How many hours a week?
For the 30 week study period starting in February, you will need to allocate 5 hours of study time per module, per week. For students starting their studies in May with the shorter 15 week session, 10 hours per module, per week is recommended.
How you will be assessed
The final assessment for each module is a two-hour unseen examination held on a specific date in late September or early October. This exam is worth 80% of your total module mark.
The remaining 20% of your mark is determined by an Examined Assignment. This assignment is submitted during the study year and marked by your tutor. Assignments are submitted to CeDEP electronically via the virtual learning environment.
Examinations are held in students’ countries of residence, using the University of London’s network of approved Overseas Examination Authorities. Fees for taking examinations are the responsibility of the student.
Assessment of the Research Component
The Research Component comprises two modules:
- Research Methods, and
Research Methods is assessed through two examined assignments (each worth 50% of the module mark) submitted during the study year.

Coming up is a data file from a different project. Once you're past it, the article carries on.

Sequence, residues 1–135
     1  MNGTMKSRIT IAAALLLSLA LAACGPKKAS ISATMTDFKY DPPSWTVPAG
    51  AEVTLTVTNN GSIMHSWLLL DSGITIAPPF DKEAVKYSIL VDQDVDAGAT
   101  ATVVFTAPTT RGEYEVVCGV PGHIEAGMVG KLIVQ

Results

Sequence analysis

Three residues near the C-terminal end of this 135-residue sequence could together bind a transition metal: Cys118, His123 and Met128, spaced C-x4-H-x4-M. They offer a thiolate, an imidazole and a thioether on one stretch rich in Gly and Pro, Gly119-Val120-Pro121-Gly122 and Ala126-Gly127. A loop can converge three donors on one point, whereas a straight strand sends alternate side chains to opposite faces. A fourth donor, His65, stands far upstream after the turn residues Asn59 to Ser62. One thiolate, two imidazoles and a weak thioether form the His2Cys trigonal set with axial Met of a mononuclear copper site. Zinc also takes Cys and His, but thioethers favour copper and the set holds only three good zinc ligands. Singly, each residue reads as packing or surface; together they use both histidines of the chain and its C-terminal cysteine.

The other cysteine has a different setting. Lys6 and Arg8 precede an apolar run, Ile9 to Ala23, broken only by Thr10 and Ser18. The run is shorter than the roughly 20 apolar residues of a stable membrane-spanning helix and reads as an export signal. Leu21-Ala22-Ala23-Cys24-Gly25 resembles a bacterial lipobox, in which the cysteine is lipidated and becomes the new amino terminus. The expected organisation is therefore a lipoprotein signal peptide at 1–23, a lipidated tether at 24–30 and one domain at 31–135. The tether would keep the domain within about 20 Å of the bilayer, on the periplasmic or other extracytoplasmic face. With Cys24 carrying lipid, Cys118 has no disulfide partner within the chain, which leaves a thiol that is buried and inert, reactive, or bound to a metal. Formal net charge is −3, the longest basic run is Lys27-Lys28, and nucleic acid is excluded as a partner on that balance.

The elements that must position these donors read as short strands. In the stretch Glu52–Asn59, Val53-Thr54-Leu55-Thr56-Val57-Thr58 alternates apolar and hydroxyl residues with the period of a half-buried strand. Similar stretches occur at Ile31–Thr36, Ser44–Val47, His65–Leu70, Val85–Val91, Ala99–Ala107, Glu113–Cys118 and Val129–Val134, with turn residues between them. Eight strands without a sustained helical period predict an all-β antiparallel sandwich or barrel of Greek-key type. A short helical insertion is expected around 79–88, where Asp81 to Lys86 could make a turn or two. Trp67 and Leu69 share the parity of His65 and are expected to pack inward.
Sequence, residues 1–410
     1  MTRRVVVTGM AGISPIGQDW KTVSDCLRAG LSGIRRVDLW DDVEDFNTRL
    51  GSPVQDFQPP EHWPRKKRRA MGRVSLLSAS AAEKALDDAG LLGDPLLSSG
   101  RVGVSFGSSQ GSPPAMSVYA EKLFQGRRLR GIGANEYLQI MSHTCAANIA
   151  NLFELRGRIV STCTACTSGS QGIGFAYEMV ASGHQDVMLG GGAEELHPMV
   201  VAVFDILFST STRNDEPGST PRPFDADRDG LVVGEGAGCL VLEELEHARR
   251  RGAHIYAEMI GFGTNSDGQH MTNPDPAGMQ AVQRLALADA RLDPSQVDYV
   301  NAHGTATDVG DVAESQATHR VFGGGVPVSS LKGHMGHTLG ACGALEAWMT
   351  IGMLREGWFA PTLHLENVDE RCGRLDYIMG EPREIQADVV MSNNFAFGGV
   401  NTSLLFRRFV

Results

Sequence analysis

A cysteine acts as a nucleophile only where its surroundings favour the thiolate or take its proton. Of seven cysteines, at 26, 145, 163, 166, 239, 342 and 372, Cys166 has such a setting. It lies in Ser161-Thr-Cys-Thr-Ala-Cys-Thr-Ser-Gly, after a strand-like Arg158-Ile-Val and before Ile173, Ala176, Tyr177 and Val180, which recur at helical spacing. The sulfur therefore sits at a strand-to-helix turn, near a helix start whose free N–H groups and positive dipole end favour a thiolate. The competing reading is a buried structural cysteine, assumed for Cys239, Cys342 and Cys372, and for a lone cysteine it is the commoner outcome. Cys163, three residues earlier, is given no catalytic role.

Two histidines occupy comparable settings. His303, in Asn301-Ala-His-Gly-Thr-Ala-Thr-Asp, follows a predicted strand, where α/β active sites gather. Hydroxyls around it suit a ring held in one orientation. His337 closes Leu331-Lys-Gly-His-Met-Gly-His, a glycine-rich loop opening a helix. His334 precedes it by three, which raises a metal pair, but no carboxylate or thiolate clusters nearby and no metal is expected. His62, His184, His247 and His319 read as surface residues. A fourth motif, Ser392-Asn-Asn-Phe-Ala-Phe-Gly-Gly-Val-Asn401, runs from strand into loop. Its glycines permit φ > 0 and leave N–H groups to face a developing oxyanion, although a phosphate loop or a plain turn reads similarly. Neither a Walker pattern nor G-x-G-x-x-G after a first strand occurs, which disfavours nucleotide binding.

The Dissertation is assessed through a proposal (worth 20% of the module mark) submitted in February, followed by a 10,000 word dissertation (worth 80% of the module mark) submitted in September.
In order to qualify for an MSc, it is mandatory for CeDEP students to pass the Research Component.
Research Component (MSc students only)
The Dissertation is usually carried out during the final year of registration, once all core modules and the Research Methods module are complete.
The Research Methods module provides skills and techniques which will assist with the subsequent development and conduct of your research and preparation of your Dissertation. Research Methods can only be studied in the February study session. Therefore, if you are intending to complete your MSc in two years, you must register for Research Methods alongside your core modules in February of your first year.